Isopropyl Myristate

isopropyl myristate
isopropyl myristate

In a typical lab you don’t often get much time to just play around.  But you snatch the odd moment to indulge yourself from time to time, and I always enjoy spreading the emollient oils on my skin to get to know their individual characters and personalities.  One long standing favourite is isopropyl myristate which has a soft silky feeling, a bit reminiscent of velvet.

It gets used quite often in skin creams, particularly premium high quality ones.  I have to say that if I am honest I have never really felt that it actually contributes as much to these formulations as it promises to from how it feels neat. Where it really scores is in bath oil formulations.  I am a busy man and I usually take a shower to save time, but every now and again I’ll enjoy a bath with a bath oil rich in isopropyl myristate.

Chemically speaking it is a branched ester.  All this means is that the molecule is made up of chains that branch out and that it has a particular kind of chemical link called an ester link.  There is a whole family of branched esters, notably isopropyl palmitate which is similar to isopropyl myristate and which some formulators prefer.    I like them both and I particularly like having a choice.  Sometimes you see formulations where quite a few branched esters have been used.  In this case it is probable that somebody somewhere has gone to a lot of trouble blending different oils to get exactly the skin feel that they wanted.

Isopropyl myristate also has a further use.  It is a handy solvent for removing prosthetics, particularly latex based ones.  So if you are in films and have to restore a horde of zombies to human appearance before they go home, it is the go to material.  It is a lot easier than pulling off the latex and risking tearing the skin.  You don’t want them ending up looking like actual zombies.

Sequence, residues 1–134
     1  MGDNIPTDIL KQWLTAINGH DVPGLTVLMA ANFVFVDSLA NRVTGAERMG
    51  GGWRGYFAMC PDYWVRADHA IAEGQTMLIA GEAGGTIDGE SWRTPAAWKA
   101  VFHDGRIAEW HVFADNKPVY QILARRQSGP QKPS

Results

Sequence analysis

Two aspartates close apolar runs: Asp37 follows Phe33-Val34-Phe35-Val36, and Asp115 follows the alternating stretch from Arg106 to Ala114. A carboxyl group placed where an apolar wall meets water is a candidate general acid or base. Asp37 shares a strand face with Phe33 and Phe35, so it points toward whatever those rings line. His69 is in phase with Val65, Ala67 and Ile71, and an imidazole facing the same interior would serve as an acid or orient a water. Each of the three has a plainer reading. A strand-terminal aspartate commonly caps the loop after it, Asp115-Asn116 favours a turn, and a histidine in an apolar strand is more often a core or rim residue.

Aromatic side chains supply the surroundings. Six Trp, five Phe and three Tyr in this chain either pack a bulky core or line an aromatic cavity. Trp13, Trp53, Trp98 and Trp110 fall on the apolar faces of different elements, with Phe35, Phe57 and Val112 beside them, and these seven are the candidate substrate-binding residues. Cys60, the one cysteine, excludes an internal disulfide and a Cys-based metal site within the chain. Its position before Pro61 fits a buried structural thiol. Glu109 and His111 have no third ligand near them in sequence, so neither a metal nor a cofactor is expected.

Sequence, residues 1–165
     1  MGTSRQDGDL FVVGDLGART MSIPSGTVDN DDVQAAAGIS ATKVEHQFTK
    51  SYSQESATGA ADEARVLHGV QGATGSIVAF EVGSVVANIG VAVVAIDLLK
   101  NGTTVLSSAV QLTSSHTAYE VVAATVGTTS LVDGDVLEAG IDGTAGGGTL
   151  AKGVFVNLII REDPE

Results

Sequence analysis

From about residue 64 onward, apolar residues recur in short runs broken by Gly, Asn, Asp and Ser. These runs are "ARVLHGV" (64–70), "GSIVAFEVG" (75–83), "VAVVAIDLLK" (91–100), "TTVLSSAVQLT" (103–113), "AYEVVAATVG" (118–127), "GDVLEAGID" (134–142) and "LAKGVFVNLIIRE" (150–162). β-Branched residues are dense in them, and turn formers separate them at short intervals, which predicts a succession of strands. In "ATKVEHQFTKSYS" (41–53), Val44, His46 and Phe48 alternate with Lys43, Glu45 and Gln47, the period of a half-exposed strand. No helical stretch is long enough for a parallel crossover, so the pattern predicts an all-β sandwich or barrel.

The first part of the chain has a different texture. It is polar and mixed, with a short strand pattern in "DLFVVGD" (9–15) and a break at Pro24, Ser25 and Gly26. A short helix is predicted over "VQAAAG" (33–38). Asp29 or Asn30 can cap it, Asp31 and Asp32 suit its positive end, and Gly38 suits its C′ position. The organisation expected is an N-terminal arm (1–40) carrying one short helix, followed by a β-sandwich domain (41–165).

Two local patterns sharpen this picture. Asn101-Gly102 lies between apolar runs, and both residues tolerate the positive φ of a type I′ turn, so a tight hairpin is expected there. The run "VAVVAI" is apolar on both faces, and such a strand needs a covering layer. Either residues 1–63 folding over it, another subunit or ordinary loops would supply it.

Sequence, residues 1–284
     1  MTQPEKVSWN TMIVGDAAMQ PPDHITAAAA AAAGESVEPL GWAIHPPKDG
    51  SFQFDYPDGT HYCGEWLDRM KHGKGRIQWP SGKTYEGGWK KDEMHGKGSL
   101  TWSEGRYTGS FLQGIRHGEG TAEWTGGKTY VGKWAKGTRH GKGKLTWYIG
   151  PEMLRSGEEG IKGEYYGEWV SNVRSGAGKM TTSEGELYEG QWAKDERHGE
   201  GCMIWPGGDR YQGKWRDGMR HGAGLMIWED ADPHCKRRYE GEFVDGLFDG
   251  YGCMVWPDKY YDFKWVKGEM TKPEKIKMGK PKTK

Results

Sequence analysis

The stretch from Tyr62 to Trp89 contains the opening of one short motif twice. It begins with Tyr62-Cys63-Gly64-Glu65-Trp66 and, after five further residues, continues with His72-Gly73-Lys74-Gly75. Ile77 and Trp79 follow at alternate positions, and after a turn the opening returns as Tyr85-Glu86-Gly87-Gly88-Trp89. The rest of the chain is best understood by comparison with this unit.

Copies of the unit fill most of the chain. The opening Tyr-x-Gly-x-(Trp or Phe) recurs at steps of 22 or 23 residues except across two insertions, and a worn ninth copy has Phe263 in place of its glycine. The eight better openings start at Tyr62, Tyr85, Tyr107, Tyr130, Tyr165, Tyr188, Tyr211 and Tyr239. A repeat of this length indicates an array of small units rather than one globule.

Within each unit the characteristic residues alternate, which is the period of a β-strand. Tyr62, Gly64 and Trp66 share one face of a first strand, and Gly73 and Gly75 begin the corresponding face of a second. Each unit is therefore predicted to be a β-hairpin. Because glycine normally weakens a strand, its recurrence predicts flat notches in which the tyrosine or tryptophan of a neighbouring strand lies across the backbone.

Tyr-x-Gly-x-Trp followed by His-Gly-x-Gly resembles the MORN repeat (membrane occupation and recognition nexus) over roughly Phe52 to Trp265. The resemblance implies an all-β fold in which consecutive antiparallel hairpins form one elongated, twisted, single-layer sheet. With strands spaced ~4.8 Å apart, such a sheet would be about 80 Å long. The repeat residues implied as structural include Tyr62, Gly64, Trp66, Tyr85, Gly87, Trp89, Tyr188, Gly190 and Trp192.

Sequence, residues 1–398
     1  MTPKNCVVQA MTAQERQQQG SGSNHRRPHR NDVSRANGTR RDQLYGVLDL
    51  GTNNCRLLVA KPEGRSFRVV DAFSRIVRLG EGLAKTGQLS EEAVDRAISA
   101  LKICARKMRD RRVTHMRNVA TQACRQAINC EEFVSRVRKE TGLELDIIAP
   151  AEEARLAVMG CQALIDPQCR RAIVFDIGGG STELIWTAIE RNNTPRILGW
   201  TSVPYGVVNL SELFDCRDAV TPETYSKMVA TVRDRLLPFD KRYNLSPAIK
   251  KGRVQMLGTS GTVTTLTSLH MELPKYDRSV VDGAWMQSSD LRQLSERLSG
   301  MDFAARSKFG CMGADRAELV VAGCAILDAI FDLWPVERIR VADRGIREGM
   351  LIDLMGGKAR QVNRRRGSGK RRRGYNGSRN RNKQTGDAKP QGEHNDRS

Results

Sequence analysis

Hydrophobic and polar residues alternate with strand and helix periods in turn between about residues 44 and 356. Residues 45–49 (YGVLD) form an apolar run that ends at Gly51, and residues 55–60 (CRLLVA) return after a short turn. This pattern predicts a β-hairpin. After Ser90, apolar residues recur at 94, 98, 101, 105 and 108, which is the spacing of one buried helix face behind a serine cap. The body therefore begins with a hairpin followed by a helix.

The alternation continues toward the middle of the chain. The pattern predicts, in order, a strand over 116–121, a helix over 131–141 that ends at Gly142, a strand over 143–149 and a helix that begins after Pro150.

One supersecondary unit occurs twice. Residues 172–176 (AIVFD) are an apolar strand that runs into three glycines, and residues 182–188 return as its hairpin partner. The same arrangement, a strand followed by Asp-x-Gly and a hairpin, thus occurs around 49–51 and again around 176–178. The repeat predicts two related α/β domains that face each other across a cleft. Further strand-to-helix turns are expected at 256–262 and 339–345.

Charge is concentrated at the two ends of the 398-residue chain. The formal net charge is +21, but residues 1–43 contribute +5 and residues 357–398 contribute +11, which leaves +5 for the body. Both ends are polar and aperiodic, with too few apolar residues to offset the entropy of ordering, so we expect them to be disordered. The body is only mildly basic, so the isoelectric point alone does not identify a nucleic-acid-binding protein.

Isopropyl myristate is perfectly safe as a cosmetic ingredient and there are no issues with it as far as end users are concerned.  It has been attacked by scaremongers either from ignorance or more likely from a cynical desire to sell inferior products at high prices.  Any website that suggests this material is harmful should be ignored.

There is one persistent story that keeps coming up, and that is that isopropyl myristate is comedogenic.  This issue dates back decades and should have been cleared up years ago.  Comedogenic is an ugly word and I would be a lot happier if we used plain english.  If you are suggesting that something causes blackheads, it is a lot easier to understand if you just say so.  But back to my story.  During the sixties several labs worked to try and use tests done on animals to help study skin diseases.  This blog is about science not ethics so I won’t comment on the rights or wrongs of the morality.  But it has to be said that the science wasn’t great.  Rabbit ears were the focus of the study, but for what it showed they might as well have left the rabbits in peace. The problem was that there was very poor agreement between labs even on the results of the tests let alone the interpretation of them.  Isopropyl myristate was shown by some labs to be comedogenic to rabbits ears.  Others got the opposite.  And as to whether this meant that it would cause comedogens in humans, well that was far from clear either.  It turned into one of those areas of research where the more papers you read the less you understood what was going on.  What I can say is that I have had plenty of isopropyl myristate on my skin over the years and it has never given me a single blackhead.